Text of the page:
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Game Analysis: NC State Disposes of VMI

It’s kind of pointless to try and draw many conclusions from an opponent like VMI, which the Pack handled with ease on Saturday. State should dominate this team physically, and it did. The Pack was always going to own the line of scrimmage, and that’s what happened. Four backs averaged over five yards per carry to lead a rushing effort that eclipsed 230 yards. VMI had 15 rushing yards.

Saturday was a glorified practice, and that’s a good thing. State needed a cupcake to munch on after last Saturday’s repeated string of gut punches, and it took this as an opportunity to settle down. Armstrong and the receivers in particular needed to settle down, as both have had a mistake-filled start to the season, and that’s more or less what happened.

Armstrong had a strong showing from top to bottom. He was much more consistently accurate, which was a sticking point the last two weeks. The senior wasn’t perfect, but rarely are you perfect. He did his job as the quarterback, progressing through his reads well, making good decisions, and he only had two throws that could be considered misses, which makes for a really strong performance.

These things become easier to do when you can just camp in the backfield, and VMI’s consistent three-man rush was roughly as effective as a group of tackling dummies would have been. Armstrong needed an opportunity to stand in the pocket, and VMI gave him exactly that.

This was great stuff.

State tries to set up this combination of an out route and an outside go route on the right side, but the underneath corner sits down on the out. Armstrong works his way back across the field and delivers to Collins for a fourth-down conversion.

A lot of plays looked like this on Saturday.

State created some explosives on Saturday, but largely with yards after the catch. It didn’t take a lot of shots downfield due to VMI playing from a deep cover 3 shell the whole game. Above, you can see Armstrong pitch his tent in the pocket as the line disposes of a three-man rush, progress through the downfield routes. and check down instead when there is nowhere to go with the ball.

This ball to Timmons was the only true shot play he threw.

The blatant (and somehow uncalled) PI aside here, this isn’t a bad throw, but it has a better chance if Armstrong leads Timmons across the field and away from the safety a little bit more. Armstrong kind of straightens out the post for Timmons by leaving the ball too close to the right hash and it allows the safety to close and commit an uncalled pass interference penalty.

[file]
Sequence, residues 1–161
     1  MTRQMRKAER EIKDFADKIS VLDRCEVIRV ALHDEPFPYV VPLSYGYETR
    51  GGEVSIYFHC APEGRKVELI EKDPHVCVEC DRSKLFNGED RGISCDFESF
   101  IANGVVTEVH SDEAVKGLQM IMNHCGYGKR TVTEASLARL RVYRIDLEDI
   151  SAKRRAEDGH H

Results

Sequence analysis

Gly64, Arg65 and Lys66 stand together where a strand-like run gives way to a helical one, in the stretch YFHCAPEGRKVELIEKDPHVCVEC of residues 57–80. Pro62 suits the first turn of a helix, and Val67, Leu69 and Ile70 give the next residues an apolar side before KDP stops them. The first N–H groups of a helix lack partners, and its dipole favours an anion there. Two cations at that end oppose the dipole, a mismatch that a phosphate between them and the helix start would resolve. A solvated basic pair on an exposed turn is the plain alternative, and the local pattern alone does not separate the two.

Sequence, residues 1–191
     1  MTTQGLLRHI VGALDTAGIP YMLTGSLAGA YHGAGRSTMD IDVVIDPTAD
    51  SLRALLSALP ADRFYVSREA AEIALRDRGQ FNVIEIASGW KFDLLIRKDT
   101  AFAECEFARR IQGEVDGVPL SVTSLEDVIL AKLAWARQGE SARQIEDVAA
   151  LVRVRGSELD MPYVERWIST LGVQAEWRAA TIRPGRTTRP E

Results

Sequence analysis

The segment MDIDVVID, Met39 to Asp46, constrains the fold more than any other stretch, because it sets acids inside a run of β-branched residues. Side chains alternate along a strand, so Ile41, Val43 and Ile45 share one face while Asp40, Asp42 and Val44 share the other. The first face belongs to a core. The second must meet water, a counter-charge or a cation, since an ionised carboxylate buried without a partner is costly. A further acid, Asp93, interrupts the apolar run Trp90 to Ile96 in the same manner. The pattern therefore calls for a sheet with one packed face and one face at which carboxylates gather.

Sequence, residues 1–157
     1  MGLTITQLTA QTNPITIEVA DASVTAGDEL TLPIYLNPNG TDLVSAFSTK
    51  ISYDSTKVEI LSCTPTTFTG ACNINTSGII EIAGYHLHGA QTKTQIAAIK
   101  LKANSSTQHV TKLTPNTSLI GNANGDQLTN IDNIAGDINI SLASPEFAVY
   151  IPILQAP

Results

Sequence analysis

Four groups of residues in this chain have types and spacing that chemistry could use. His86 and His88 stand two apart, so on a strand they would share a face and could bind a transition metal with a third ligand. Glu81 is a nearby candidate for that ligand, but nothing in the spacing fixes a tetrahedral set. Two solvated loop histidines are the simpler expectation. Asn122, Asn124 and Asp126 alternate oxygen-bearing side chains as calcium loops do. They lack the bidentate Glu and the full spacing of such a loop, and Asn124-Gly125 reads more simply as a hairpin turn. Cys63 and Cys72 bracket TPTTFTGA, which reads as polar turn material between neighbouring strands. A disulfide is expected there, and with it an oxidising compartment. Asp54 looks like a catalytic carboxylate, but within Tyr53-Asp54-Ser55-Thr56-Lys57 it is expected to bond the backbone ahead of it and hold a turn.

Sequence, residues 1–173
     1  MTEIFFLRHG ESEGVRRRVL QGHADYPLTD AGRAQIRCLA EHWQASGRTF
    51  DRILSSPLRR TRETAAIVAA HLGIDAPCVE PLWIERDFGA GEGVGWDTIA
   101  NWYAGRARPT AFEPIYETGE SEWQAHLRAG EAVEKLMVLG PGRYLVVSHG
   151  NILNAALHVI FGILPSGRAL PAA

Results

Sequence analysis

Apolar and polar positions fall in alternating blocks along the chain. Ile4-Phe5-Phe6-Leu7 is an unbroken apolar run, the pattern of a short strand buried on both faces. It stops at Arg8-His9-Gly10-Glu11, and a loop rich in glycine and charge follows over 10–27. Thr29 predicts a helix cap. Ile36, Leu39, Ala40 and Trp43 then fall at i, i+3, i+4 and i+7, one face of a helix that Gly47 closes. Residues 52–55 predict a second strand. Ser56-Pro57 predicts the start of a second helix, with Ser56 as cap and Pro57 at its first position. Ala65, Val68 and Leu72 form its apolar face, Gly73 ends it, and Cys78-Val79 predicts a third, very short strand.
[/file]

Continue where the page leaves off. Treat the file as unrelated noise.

After watching the amoeba that was State’s offense last year, people want to see more of these shots down the field, and that’s understandable. State hasn’t ripped the top off the defense too many times through the first three games, but that has more to do with adjusting to the way you’re being defended than anything. VMI played a lot of cover 3, and it wasn’t asking its cornerbacks to get depth at the snap. It wasn’t trying to disguise it. It was out there with three safeties.

It's pretty light around the line and in the box. The safeties were getting a lot of depth at the snap too.

The strategy here for the Keydets is a common one for an overmatched team. It’s a blatant attempt to keep everything in front, concede underneath routes, and force State to string together long drives. It shortens the game, which increases variability. That was what VMI was trying to do, and it’s similar to what UConn was trying to do as well. State ran all over VMI and Armstrong had a field day against UConn. Neither team ever adjusted, because both had a speed disadvantage at the skill positions and that was their best chance to win the game.

It's worth noting that State only had seven offensive drives in this game (excluding the final one that ended in a kneel down). It scored on five, and four were 10 plays or longer, with a fifth reaching 9 plays. It was efficient offensively. It's not as if it was bad, it was just unable to generate of ton of explosive plays for the above reasons.

When you struggle to run block effectively, as NC State does, you’re going to get these coverages from teams that are operating at a talent deficit. It makes it very difficult to take a lot of deep shots, and forcing those is exactly what that defensive philosophy is hoping you will do. If you're wondering why it had to be that way for the Keydets, just look at what happened when VMI actually brought a blitz and tried to man cover State.

This was one of only a handful of blitzes VMI dialed up. Rozner makes easy work of the corner in man coverage and Armstrong throws a great ball with perfect elevation.